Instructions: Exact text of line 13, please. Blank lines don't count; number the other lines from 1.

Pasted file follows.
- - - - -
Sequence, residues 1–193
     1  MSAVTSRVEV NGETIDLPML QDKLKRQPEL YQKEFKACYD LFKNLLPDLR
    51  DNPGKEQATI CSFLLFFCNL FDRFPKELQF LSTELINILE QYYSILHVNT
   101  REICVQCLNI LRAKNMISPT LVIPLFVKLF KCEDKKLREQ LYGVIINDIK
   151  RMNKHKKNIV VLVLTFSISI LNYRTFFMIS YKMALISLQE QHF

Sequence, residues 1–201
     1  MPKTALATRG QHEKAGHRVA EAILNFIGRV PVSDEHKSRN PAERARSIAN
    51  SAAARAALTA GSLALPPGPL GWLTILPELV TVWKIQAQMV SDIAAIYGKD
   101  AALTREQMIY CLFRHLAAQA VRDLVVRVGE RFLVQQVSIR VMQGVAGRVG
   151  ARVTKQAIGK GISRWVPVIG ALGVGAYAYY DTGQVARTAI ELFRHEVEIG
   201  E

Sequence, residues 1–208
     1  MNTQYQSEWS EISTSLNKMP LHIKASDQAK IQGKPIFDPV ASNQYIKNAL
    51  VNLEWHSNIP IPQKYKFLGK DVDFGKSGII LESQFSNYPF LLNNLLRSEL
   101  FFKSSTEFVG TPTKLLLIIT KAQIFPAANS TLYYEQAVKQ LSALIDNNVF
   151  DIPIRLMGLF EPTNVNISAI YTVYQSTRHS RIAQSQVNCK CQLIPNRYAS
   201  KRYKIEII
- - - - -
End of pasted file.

     1  MNTQYQSEWS EISTSLNKMP LHIKASDQAK IQGKPIFDPV ASNQYIKNAL